Tremor reduction and improvement in daily functioning were achieved in the majority of cases (table 1). Twelve of the 14 studies reported sufficient data to determine the percentage of patients experiencing improved tremor control. Those 12 studies involved a total of 65 patients, of whom 57 (88%) experienced sustained improvement in tremor control postsurgery. Effects on daily functioning were less consistently assessed across studies, with only six studies reporting sufficient data to determine effects in this domain. These six studies involved 25 patients, of whom 19 (76%) experienced improvement in daily functioning. Although data on frequency of reprogramming were not generally reported in detail in these studies, it appeared that reprogramming was required relatively often to maintain optimal tremor control while minimising undesired side effects.

Adverse effects

Across all 14 studies, intracerebral haemorrhage occurred in four or possibly five patients.3,10,15,17 One was a microhaematoma, the effects of which resolved within three months.10 In the case of Montgomery et al,3 the haematoma was attributable to the surgery rather than to the stimulator (which was never placed), and the patient also experienced tremor reduction and transient dysarthria. Two cases involved small thalamocapsular haemorrhages at the site of DBS implantation which led to persistent changes in functioning.17 In another study, which included patients with various tremor aetiologies, there was relatively little detail about the haemorrhage and it was unclear whether or not it was a patient with multiple sclerosis who was affected.15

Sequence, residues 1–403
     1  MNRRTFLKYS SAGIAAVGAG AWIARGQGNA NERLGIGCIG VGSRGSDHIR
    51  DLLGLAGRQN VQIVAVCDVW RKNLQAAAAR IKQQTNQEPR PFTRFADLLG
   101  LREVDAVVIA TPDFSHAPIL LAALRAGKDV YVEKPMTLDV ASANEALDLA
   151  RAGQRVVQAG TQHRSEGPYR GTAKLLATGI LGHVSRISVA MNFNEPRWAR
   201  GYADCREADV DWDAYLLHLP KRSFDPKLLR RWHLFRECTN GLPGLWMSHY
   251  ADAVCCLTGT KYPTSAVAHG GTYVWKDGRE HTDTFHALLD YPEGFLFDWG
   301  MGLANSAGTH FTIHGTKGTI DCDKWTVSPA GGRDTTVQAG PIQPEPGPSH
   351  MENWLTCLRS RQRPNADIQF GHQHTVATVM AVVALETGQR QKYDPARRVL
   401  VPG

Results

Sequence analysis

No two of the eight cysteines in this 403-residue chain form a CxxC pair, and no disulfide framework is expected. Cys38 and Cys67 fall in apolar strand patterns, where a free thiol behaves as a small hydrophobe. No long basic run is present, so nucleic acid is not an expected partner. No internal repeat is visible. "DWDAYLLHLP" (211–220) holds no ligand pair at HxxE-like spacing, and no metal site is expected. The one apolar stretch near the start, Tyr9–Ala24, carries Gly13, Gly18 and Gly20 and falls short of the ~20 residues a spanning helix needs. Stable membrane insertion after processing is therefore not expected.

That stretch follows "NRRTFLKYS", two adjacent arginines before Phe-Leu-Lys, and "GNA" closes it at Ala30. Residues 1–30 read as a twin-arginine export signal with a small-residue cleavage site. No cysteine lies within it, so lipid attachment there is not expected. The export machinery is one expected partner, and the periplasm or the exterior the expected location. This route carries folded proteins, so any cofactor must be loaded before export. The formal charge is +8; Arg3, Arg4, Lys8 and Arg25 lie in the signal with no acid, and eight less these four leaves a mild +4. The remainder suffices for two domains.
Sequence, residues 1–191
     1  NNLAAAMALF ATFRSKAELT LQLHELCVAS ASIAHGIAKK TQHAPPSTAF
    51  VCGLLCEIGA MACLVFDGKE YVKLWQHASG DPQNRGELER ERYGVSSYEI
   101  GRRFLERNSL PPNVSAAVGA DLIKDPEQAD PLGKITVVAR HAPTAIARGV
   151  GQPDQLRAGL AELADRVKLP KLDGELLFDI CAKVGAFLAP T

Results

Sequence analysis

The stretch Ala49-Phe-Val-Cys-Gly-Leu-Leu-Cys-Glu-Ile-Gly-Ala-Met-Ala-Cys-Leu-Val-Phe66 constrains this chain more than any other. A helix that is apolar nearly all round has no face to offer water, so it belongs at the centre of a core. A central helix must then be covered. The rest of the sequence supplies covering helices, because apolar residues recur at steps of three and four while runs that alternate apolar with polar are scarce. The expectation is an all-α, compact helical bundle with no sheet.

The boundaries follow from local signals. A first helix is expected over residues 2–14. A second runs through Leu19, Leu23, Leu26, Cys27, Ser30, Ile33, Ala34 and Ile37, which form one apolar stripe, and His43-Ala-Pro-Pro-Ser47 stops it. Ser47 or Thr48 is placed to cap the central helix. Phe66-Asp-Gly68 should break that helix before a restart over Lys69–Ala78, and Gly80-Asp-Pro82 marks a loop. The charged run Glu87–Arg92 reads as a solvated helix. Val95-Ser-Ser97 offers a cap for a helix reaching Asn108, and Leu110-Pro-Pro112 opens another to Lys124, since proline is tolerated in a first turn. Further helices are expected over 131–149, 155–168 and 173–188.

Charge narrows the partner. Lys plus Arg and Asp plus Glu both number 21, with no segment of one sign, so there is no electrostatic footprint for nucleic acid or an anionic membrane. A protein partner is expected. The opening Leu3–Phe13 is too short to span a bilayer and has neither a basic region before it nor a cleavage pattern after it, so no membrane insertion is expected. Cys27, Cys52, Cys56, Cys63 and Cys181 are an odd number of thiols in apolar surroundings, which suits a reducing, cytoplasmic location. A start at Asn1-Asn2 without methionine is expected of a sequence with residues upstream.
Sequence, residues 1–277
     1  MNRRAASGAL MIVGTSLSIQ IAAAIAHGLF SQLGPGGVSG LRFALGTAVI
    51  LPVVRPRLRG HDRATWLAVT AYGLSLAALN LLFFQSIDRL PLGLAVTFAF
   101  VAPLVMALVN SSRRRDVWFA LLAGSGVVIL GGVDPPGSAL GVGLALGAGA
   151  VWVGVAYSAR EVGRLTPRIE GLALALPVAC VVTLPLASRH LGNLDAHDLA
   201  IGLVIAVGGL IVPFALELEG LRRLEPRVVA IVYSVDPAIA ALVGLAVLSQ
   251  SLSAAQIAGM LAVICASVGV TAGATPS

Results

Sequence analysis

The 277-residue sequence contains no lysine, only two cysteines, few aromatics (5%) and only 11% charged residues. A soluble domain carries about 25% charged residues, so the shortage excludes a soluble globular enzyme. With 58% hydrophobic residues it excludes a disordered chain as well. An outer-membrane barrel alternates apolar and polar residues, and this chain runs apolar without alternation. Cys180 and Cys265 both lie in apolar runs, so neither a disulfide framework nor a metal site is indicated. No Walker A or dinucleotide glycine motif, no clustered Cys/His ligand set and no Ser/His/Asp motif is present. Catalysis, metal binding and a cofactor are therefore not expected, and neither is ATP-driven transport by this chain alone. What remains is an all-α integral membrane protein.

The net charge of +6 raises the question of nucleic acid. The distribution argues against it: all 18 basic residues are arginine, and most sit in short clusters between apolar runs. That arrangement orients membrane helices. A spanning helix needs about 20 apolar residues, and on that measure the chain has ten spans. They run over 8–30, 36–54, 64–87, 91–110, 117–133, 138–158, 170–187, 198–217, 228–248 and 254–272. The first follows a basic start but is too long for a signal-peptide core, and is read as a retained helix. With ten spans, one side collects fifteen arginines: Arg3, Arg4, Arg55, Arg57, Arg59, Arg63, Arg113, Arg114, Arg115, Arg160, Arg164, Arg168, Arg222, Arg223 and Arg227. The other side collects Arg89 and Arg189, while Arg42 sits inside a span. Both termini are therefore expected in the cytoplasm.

In the entire sample of 75 patients in whom DBS implantation was completed, one developed a recurrent infection at the site of the internal pulse generator, which necessitated removal of the unit17; and two had seizures, one at one week postsurgery and the other at eight weeks.17 Paraesthesiae at the onset of stimulation were relatively common across studies, but tended to be brief and mild. Other adverse effects were generally mild and in some cases transitory, and included dysarthria, disequilibrium, and limb weakness.